Paris, 1933–44

Kandinsky arrived in Paris in 1933. While indisputably the capital of the art market, the city was also devoted to its own artists (Picasso and the Surrealists above all) and had little interest in the pure abstraction of a Russian artist with German citizenship. Kandinsky moved into a house at Neuilly-sur-Seine looking onto the river and the Bois-de-Boulogne. Enchanted by the limpid, crystalline light, he lightened his palette. At the same time, not least through the influence of his Surrealist friends Jean Arp and Joan Miró, his paintings and works on paper saw a proliferation of biomorphic forms, amoebae, creatures of the depths, embryos and insects (Colourful Ensemble, 1938; Sky Blue, 1940; An Intimate Celebration, 1942). Kandinsky plunged into this microcosm, also in order to escape from the anguish of war. He died on 13 December 1944 without seeing the end of the fighting.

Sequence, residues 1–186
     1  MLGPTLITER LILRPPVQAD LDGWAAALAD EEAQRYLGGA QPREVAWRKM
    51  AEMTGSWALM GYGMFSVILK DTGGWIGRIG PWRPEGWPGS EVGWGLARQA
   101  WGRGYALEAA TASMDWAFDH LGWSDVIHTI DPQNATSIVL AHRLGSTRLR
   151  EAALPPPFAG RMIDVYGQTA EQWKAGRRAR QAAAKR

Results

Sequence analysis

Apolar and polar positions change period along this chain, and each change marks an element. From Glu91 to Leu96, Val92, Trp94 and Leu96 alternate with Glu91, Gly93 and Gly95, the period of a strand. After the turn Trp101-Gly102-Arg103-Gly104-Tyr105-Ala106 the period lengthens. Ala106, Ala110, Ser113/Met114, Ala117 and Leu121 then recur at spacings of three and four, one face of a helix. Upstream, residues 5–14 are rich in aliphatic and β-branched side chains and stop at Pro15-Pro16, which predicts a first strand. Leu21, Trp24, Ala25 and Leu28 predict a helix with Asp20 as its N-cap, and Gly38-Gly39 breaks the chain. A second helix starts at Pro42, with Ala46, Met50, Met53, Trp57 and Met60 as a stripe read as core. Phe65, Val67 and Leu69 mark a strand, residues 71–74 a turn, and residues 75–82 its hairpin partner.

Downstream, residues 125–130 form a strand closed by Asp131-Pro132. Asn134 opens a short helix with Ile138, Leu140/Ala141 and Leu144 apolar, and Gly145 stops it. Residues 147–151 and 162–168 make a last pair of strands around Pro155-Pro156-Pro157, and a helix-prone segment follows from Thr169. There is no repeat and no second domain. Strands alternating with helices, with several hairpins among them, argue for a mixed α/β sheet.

VASSILY KANDINSKY

The Centre Pompidou collection

Palazzo Reale, Milano | 17 dicembre 2013 – 27 aprile 2014

MON 14.30 – 19.30 | TUE, WED, FRI, SUN 9.30 – 19.30 | THU, SAT 9.30 – 22.30

Info and booking: +39 02 54916

http://www.kandinskymilano.it

#kandinskymilano

MY “LACER/ACTIONS ON ALUMINIUM”: OTHER 4 WORKS ON A WALL AT PRIVATE COLLECTION OF FAI SERVICE (ITALY)

© Roberto Alborghetti – LaceR/Actions, esclusively for Fai Service Italy

© Roberto Alborghetti – LaceR/Actions, esclusively for Fai Service Italy

© Roberto Alborghetti – LaceR/Actions, esclusively for Fai Service Italy

© Roberto Alborghetti – LaceR/Actions, esclusively for Fai Service Italy